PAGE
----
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Incoming Senate Banking panel chair to hold hearing on stock market amid GameStop controversy

Incoming Senate Banking panel chair to hold hearing on stock market amid GameStop controversy
© Greg Nash

The incoming chairman of the Senate Banking Committee said Thursday he would convene a hearing on the state of the stock market amid bipartisan concern over how major trading platforms have responded to viral rallies in certain stocks.

“People on Wall Street only care about the rules when they’re the ones getting hurt. American workers have known for years the Wall Street system is broken – they’ve been paying the price,” Brown said in a Thursday statement. “It’s time for the [Securities and Exchange Commission] SEC and Congress to make the economy work for everyone not just Wall Street. That’s why, as incoming Chair of the Senate Banking and Housing Committee I plan to hold a hearing to do that important work.”

Brown is the latest and most powerful lawmaker to call for a congressional probe into why Robinhood and other popular online trading applications stopped or limited sales of several stocks Thursday that exploded in value over the past week. 

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Shares of GameStop, theater chain AMC, BlackBerry and Nokia have risen dramatically over the past week thanks to a crusade led by a Reddit community of amateur traders against hedge funds, most of which have invested heavily in bets that those stocks would soon collapse. 

That rally hit a massive speed bump Thursday when trading platforms popular among that Reddit forum either prevented users from buying more of those shares or limited their ability to take larger positions. While those platforms insisted they did so to protect customers from intense volatility, politicians in both parties have condemned them for blocking average users out of trades that larger firms were still able to make.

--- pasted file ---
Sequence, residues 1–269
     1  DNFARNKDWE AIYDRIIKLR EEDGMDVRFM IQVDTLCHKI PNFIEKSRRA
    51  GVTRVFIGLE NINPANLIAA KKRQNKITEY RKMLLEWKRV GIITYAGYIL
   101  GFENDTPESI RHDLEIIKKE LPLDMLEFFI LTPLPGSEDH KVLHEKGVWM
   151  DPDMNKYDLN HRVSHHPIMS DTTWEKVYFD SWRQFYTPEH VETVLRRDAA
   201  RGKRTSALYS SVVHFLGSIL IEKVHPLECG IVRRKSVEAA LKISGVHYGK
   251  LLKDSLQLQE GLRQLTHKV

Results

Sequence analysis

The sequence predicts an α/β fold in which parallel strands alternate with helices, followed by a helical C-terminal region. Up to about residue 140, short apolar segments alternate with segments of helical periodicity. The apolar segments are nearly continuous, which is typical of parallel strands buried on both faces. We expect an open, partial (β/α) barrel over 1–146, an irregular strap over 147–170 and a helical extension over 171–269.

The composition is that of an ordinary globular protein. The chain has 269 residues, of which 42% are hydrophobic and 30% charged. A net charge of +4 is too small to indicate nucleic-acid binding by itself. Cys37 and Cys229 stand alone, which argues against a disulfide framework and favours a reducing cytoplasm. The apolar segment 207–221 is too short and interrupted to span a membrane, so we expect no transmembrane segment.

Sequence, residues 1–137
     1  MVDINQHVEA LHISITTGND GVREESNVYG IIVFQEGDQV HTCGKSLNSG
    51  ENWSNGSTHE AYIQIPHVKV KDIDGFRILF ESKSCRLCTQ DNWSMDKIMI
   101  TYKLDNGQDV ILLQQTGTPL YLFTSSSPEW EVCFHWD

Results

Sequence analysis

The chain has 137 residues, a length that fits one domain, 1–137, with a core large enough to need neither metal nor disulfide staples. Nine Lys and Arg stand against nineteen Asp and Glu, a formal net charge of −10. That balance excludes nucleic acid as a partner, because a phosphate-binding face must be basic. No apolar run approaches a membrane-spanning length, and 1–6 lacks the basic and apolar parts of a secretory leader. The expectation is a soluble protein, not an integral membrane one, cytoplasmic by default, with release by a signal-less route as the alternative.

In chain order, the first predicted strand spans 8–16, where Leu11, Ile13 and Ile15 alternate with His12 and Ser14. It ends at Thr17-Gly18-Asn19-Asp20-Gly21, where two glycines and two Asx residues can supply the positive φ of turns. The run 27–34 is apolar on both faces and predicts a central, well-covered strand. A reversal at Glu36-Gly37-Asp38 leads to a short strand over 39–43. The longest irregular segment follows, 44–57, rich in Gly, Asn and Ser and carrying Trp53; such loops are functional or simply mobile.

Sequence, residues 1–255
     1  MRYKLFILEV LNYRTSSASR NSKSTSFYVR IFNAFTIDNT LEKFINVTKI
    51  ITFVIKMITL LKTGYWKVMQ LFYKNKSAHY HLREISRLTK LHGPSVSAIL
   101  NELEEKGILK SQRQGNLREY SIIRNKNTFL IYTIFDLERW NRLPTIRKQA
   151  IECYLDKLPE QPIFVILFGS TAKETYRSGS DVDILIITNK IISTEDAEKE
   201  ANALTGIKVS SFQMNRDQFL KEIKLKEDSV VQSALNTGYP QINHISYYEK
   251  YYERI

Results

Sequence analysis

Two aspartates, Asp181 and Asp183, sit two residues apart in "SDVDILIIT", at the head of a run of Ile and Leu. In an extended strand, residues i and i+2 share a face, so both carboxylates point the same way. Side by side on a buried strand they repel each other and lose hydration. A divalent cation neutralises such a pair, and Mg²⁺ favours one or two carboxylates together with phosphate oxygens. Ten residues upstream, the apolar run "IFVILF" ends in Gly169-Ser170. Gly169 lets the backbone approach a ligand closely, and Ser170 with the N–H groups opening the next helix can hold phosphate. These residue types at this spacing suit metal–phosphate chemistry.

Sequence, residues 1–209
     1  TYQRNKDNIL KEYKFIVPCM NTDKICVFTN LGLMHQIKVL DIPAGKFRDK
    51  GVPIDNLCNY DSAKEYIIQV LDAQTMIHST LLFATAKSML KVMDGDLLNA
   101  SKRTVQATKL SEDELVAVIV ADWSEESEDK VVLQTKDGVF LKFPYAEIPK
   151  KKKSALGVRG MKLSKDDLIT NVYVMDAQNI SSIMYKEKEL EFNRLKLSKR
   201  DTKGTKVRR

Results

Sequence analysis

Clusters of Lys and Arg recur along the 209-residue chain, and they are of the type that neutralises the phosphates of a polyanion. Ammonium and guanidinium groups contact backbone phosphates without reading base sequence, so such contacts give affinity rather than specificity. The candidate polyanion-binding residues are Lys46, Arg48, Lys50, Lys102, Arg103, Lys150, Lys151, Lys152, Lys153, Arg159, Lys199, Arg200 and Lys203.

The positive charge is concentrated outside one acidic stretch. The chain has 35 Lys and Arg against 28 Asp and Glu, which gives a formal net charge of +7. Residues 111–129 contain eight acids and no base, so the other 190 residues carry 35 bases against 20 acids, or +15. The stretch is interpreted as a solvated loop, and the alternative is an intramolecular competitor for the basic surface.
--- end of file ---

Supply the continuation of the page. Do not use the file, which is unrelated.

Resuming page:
“We now need to know more about @RobinhoodApp’s decision to block retail investors from purchasing stock while hedge funds are freely able to trade the stock as they see fit,” said Rep. Alexandria Ocasio-CortezAlexandria Ocasio-CortezMarjorie Taylor Greene may be 'dangerous,' but she's not the first Sunrise Movement endorses Nina Turner in special election for Ohio House seat Islamic Jihad commander killed in airstrike, Israel says MORE (D-N.Y.), a member of the House Financial Services Committee, in a tweet.

Ocasio-Cortez called for the Financial Services panel to investigate Robinhood and any other platforms that locked out users from buying popular shares.

Republican lawmakers such as Sens. Ted CruzRafael (Ted) Edward CruzGOP resistance to campaign finance reforms shows disregard for US voters Bipartisanship has become a partisan weapon Former OMB pick Neera Tanden to serve as senior adviser to Biden MORE (Texas) and Mike LeeMichael (Mike) Shumway LeeOvernight Energy: Colonial Pipeline says it has restored full service | Biden urges people not to panic about gasoline shortages | EPA rescinds Trump-era cost-benefit rule Senate panel advances Biden's deputy Interior pick Hillicon Valley: Global cybersecurity leaders say they feel unprepared for attack | Senate Commerce Committee advances Biden's FTC nominee Lina Khan | Senate panel approves bill that would invest billions in tech MORE (Utah) and Rep. Ken BuckKenneth (Ken) Robert BuckSpace Force commander removed after comments on podcast GOP votes to replace Cheney with Stefanik after backing from Trump Cheney to any Trump-backed challenger: 'Bring it on' MORE (Colo.) also called for congressional probes.